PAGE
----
Seth Green & I Share A Similar Opinion On Ben Affleck’s Batman Casting

and let it be known
This article is over 10 years old and may contain outdated information

Recommended Videos

Yes, it’s true. Some actors are nerds and have strong opinions just like us. In this instance, Seth Green has a few things to say about the next Batman actor. 

The former Buffy the Vampire Slayer star was recently interviewed by Larry King and asked his thoughts on the casting of Ben Affleck as Batman in Zack Snyder’s Man of Steel sequel. You may remember I was pretty angry after hearing the news (the internet had varied reactions). Turns out, Green isn’t too thrilled with the choice either.

“I guess it really depends on what Batman you’re playing, and I think that comic book fans have gotten used to the idea that modern, mainstream is accepting of interpretations of this characters with more gravitas. You know we’re past the time of Adam West’s kind of goofy interpretation of Batman,” he initially told King.

Green mentioned he loved Michael Keaton (who recently reminisced about his time as Batman) in the role, doesn’t think George Clooney got a fair shake, and thinks Christian Bale was great in the part. “You gotta remember that at the core of that character, Batman’s a crazy person. Batman has no powers,” he argued. “Batman is a rich, screwed up kid whose parents were killed in front of him who, with his money and insanity, decided to become a vigilante symbol to combat darkness.”

So what’s his actual argument against Affleck?

The notion of Superman versus Batman or Superman and Batman is, that’s a long-standing thing in the comics. It’s a long-standing thing in the comic. When they were in the Justice League together, the most common bump between them is that Superman is like, ‘I won’t ever kill people,’ and Batman is like, ‘Well you do whatcha gotta do.’ And they bump heads a lot. If this movie is meant to be the idealistic alien, humans before all else Superman, and this is supposed to be the grizzled, weathered Batman who’s been living in Gotham, fighting crime himself for 10 years, you need a guy who’s older, you need a guy who’s got more weight, and you need a guy that a Henry Cavill Superman is gonna be actually scared of. You have to remember that Batman is just a dude. He’s got no powers. So the fact that Superman is scared of him, says something about the gravitas that he carries. And it’s not just because he’s willing to kill. He’s scary.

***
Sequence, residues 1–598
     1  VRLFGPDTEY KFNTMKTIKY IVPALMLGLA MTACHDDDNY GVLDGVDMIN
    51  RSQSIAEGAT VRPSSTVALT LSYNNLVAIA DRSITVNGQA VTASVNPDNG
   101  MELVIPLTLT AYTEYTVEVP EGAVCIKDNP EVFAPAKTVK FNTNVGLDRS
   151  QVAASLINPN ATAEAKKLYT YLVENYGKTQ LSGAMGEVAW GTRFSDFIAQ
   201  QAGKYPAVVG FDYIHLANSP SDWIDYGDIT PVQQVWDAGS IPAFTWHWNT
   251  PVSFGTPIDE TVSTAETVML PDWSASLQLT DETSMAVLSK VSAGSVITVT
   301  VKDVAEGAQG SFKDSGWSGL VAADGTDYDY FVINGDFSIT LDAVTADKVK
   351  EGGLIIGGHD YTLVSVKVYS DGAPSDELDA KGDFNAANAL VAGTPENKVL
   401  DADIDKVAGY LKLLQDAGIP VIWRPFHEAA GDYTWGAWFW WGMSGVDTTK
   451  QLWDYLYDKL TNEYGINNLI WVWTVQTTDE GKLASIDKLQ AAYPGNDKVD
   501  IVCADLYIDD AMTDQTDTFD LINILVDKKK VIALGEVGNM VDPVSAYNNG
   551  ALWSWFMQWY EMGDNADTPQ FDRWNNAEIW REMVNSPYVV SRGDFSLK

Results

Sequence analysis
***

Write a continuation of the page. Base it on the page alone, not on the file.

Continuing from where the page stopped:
But, King interjected, “Affleck is a very good actor, and you’re supposed to act.” Green replied, “Yes, but, there is only so much that you can act a role before people are or are not going to believe you in that role. I’m never going to play, um, you know, an MMA fighter, because I’d step into the ring with an actual MMA fighter like Batista and I wouldn’t look correct. So there is a physicality of it.”

Some in Hollywood have certainly come out in support of Affleck. Joss Whedon for one, Batman films producer Michael Uslan for another. I’m still not happy with it but it’s “wait and see” mode now. If you’re interested, you catch watch the entire Green/King interview on Hulu.

(via The Wrap)

Are you following The Mary Sue on Twitter, Facebook, Tumblr, Pinterest, & Google +?

The Mary Sue is supported by our audience. When you purchase through links on our site, we may earn a small affiliate commission. Learn more about our Affiliate Policy
Image of Jill Pantozzi
Jill Pantozzi
Jill Pantozzi is a pop-culture journalist and host who writes about all things nerdy and beyond! She’s Editor in Chief of the geek girl culture site The Mary Sue (Abrams Media Network), and hosts her own blog “Has Boobs, Reads Comics” ( She co-hosts the Crazy Sexy Geeks podcast along with superhero historian Alan Kistler, contributed to a book of essays titled “Chicks Read Comics,” (Mad Norwegian Press) and had her first comic book story in the IDW anthology, “Womanthology.” In 2012, she was featured on National Geographic’s "Comic Store Heroes," a documentary on the lives of comic book fans and the following year she was one of many Batman fans profiled in the documentary, "Legends of the Knight."